Shelved as 'dnf'
June 21, 2021
DNF at 12%.

Oh look, another sci-fi book where the science makes ZERO sense. I swear authors could at least try to research basic science before jumping into sci-fi. It's honestly just insulting.
Profile Image for Cobwebby Eldritch Reading Reindeer .
5,136 reviews271 followers
April 27, 2021
"In Space, no one can hear you scream..." or descend into nightmares, or become delusional. And if you're stranded on a planet where Space-time warps....you're in more trouble than ever expected. Sometimes, knowledge and exploration are dangerous.

Author Vera Nguyen weaves an utterly absorbing double plotline set on a frozen Ice planet named Eos, far flung and ultimately dangerous in the extreme. Depth psychology underlines the novel as we watch various characters unfold and evolve/devolve. I eagerly anticipate the author's next offering!
Profile Image for jenny✨.
563 reviews805 followers
March 25, 2022
i got really into this story.

(if i could write an absurdly specific pitch, it would be this: the silent sea (netflix k-drama) meets joan he's the ones we're meant to find to tell a story of android-human dynamics - with the vibes of caitlin starling's the luminous dead. LOL.)

three things initially caught my eye. first, the title; second, the premise (space horror is a very intriguing niche); and third, spec-fic featuring a character of colour, by an author of colour.

i devoured this novel in the span of a day. and the thing is, i knew i'd be invested from the very first sentence on the very first page. isn't it such a cool moment when a book hooks you with its opening words? i'm always on the lookout for that sort of thing!

here's how we have always been here begins:

The day after they landed on the new planet, Park woke to a pair of strong metal arms pinning her down.

me: 👀

is the world-building airtight? probably not. will this book demand some suspension of your disbelief? sure. was i totally cool with both of these things? as the book progressed, i found that my answer was yes, absolutely.

it's hard to put my finger on exactly what ensnared me about this book.

i liked the format: we alternate between the present moment - when disturbing nightmares plague park and her motley team of luminary scientists as they attempt to chart a newly discovered planet - and flashbacks from park's past, growing up with her android caregiver in a biodome off the coast of post-apocalyptic california.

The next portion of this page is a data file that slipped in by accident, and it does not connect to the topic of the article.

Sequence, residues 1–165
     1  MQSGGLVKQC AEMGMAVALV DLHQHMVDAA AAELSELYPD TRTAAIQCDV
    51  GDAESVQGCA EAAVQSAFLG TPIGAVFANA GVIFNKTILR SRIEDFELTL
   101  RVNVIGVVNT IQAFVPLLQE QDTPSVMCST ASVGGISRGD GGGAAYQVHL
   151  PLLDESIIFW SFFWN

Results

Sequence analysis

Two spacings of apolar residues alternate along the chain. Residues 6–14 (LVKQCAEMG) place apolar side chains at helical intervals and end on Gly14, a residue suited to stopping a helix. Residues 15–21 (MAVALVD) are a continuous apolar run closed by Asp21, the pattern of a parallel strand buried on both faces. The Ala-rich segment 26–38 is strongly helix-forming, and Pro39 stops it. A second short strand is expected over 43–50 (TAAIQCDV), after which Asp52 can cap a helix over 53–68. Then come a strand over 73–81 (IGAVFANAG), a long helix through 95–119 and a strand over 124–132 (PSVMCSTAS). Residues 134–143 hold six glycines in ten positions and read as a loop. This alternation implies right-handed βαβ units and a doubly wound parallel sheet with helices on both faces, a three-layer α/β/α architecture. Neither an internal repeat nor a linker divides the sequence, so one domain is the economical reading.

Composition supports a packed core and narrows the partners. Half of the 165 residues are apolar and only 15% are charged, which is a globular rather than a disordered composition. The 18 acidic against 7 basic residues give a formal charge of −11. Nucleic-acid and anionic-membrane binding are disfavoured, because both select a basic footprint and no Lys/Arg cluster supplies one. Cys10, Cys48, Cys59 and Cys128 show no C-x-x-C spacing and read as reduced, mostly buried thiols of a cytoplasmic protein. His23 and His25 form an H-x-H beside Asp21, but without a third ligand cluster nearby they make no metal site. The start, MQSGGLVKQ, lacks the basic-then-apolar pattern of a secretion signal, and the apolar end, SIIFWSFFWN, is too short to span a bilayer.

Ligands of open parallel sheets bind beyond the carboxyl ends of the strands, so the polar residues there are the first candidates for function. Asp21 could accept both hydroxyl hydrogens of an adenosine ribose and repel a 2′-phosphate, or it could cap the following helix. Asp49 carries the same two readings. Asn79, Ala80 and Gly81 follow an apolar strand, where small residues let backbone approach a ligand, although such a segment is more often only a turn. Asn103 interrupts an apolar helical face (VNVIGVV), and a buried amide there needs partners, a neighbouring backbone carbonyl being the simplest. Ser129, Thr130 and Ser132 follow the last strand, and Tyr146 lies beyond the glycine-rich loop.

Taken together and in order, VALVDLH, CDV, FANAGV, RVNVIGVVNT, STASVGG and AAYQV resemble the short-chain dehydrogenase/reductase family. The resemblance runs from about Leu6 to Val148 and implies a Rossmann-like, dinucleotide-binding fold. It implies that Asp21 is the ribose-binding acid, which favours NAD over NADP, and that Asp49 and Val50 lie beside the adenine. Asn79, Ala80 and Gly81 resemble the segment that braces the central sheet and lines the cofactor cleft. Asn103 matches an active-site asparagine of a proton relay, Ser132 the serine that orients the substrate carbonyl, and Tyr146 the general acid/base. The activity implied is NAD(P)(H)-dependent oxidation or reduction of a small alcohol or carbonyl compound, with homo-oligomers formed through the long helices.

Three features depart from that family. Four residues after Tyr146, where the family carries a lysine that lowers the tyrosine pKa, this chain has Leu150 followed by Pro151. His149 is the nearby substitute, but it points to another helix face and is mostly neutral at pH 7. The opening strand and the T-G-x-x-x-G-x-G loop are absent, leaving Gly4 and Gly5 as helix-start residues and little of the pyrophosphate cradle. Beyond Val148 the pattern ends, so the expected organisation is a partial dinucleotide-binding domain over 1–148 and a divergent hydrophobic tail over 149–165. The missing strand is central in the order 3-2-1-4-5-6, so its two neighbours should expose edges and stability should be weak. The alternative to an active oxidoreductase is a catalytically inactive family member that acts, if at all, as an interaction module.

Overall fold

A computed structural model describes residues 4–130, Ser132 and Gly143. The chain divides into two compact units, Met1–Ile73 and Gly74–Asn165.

i liked the strange and varied world-building: earth has been taken over by plant life, humans have colonized other planets, androids service different sectors of human society (kept in check by anti-robot dissidents), and of course the . interspersed throughout are also chapters that take the form of transcripts detailing an unsettling incident: two humans and a robot stumble onto an uncharted planet that is anything but what it seems.

i also liked the characters in this novel, and it's been awhile since i've felt genuine interest in such an array of characters. from park to her android companions to the cartographer who catches feels to the stony-faced security specialist... i wanted to know more.

pages kept flipping.

and at the end, i was left with the sense that i'd immersed myself in a story, a world, bigger than the sum of its varied, wondrous parts. i'd say that makes for a pretty darn good book.
Profile Image for Russell Atkinson.
Author 16 books35 followers
September 3, 2021
I was trying to find a good sci-fi book, but ended up instead with this poorly-written overlong fantasy story. The best that can be said about it is that could possibly be a script for the worst ever episode of Star Trek. The author clearly has no knowledge of science and made no attempt to provide even remotely plausible physical events. The story could have been told using zombies or fairies instead of androids. It takes place in a spaceship on a mysterious uncharted planet, but that's about as close to science fiction as it gets. The rest is junior high school level squabbles among the crew and a sort of half-assed mind melding. To top it off, the font was too small, with too little white space (i.e. little dialogue and narrow margins) and at 351 pages was obviously a 500-page book crammed down to fit commercially viable size. At least 400 of those pages could easily have been done away with. After the first 100 pages or so I skimmed very liberally, but I did finish it. Why, I don't know.